New Delhi: The government has to walk a tightrope to balance farmers' and consumers' interest in view of the Budget announcement on MSP that could further push up inflation, industry body Assocham said today.
In the Union Budget 2018-19, the government promised to fix the minimum support price (MSP) at 50 percent higher than the cost of production.
"The Budget with a huge focus on agriculture has raised expectation level in the rural landscape. Besides, the entire national discourse has shifted to problems of rural India. The government would find it very difficult to adjust MSPs which do not appear to be in line with promises," Assocham President Sandeep Jajodia was quoted as saying in a statement.
He further said even the formula for costing is being debated in media and among agri-economists and farmers organisations, which means the pressure on retail inflation is bound to be seen.
"The government will find it a 'tightrope walk' situation in managing the conflicting interests between farm producers and consumers, with inflation maintaining an upward trend for the last six months in a row and possibly moving towards six percent mark, that can make general households restive," he said.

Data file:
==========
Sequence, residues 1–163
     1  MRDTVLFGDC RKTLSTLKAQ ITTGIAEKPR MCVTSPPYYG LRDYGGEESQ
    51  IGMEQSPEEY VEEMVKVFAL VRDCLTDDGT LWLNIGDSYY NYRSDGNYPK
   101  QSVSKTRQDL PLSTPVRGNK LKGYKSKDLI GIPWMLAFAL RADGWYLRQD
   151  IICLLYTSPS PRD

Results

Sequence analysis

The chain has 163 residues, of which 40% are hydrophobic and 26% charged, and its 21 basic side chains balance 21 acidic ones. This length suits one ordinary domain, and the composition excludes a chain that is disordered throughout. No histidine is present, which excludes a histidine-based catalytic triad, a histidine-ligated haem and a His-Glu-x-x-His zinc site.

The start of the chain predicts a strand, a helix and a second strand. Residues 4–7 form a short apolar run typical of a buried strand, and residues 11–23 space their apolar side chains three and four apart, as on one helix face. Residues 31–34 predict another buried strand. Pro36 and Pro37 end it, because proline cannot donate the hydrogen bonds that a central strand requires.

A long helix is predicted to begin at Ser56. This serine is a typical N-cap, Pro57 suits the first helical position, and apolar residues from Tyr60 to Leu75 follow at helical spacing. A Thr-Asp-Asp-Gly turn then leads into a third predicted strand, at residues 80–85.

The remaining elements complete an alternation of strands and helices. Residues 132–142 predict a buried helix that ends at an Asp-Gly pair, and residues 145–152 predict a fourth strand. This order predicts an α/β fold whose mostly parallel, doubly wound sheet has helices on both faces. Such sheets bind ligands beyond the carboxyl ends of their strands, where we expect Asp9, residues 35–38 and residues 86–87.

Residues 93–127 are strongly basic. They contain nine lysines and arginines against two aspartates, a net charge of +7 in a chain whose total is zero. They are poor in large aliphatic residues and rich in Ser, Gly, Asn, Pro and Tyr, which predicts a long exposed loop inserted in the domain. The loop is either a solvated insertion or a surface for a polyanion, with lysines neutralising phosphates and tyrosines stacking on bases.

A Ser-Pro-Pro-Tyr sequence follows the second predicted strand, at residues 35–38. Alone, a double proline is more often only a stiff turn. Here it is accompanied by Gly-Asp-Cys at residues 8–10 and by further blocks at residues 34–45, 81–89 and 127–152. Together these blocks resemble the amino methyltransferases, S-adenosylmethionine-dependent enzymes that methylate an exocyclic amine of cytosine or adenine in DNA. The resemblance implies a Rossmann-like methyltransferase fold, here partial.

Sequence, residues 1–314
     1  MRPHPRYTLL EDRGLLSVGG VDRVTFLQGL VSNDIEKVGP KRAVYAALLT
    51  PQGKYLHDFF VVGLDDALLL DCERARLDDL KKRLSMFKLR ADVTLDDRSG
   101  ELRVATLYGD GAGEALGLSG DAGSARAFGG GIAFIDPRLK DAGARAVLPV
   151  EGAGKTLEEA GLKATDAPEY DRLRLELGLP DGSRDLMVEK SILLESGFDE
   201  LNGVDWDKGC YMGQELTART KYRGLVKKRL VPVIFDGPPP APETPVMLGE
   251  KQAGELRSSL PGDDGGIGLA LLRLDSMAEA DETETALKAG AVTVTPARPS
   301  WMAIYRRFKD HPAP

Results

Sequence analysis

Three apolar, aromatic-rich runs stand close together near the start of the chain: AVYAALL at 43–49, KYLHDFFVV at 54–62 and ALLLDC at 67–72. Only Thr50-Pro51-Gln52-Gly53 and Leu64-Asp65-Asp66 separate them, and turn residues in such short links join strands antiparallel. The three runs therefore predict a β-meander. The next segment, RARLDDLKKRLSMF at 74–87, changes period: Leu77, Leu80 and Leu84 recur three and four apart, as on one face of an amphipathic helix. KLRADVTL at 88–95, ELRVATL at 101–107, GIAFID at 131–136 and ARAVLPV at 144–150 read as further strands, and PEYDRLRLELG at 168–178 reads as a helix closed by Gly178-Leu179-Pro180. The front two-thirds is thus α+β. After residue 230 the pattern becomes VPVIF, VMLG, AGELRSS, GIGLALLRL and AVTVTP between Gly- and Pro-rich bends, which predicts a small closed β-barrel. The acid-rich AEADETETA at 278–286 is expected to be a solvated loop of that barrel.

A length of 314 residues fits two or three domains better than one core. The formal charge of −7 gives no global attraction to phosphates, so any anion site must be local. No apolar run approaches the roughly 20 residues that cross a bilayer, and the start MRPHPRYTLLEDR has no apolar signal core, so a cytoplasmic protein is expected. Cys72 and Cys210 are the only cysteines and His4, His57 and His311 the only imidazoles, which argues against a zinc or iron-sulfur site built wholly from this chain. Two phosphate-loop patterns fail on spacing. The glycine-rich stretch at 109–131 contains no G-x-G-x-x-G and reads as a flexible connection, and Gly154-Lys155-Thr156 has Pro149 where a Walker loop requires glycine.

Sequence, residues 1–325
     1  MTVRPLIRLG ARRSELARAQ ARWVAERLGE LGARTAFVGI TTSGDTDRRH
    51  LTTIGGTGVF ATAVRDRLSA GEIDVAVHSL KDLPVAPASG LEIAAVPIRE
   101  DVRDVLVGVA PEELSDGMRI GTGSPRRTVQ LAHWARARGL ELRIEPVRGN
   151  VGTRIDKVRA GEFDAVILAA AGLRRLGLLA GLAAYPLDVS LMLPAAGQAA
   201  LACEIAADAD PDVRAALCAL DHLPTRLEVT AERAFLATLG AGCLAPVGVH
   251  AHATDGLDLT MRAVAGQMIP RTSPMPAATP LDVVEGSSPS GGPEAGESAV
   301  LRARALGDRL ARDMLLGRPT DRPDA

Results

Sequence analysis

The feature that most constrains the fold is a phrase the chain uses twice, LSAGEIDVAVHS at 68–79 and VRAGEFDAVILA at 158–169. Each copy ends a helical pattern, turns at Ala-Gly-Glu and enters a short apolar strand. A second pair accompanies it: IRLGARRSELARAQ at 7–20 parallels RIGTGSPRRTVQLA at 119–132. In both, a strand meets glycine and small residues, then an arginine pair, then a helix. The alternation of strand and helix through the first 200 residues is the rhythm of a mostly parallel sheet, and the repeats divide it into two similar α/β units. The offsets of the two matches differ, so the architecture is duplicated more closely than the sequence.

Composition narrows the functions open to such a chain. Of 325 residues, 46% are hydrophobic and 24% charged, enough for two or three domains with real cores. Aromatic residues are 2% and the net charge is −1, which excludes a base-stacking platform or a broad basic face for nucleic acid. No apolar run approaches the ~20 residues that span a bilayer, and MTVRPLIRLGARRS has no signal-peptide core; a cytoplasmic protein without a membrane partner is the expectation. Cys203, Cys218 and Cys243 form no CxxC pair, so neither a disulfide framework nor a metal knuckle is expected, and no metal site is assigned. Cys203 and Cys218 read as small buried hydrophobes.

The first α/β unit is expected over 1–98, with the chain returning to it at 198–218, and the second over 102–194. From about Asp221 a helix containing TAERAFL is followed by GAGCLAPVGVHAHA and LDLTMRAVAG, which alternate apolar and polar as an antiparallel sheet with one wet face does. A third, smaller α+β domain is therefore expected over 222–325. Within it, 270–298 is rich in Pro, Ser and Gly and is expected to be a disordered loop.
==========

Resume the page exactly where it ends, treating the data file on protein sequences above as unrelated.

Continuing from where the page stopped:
Reserve Bank of India (RBI), on the other hand, in its credit policy commentary has said it is yet to assess the impact of increased MSP on retail inflation, and the impact would be clearly seen, especially on cereals and other foodgrains like wheat and rice.
"With vegetables and fruits having seen notorious gyrations in prices, the overall CPI inflation may well cross even the limit of four percent by RBI," he said.
He further said RBI has an elbow room of plus or minus one/two percentage points from the threshold of four percent.
"The question remains whether the consumers, especially those vocal in urban India, would bear with government and buy the argument that farmers have to be protected," Jajodia said.
Besides, even within rural India, there are more of landless workers than landowners growing grains. The entire rural population, especially those earning wages, has to be protected against inflation, which is considered a painful tax on the poor, he added.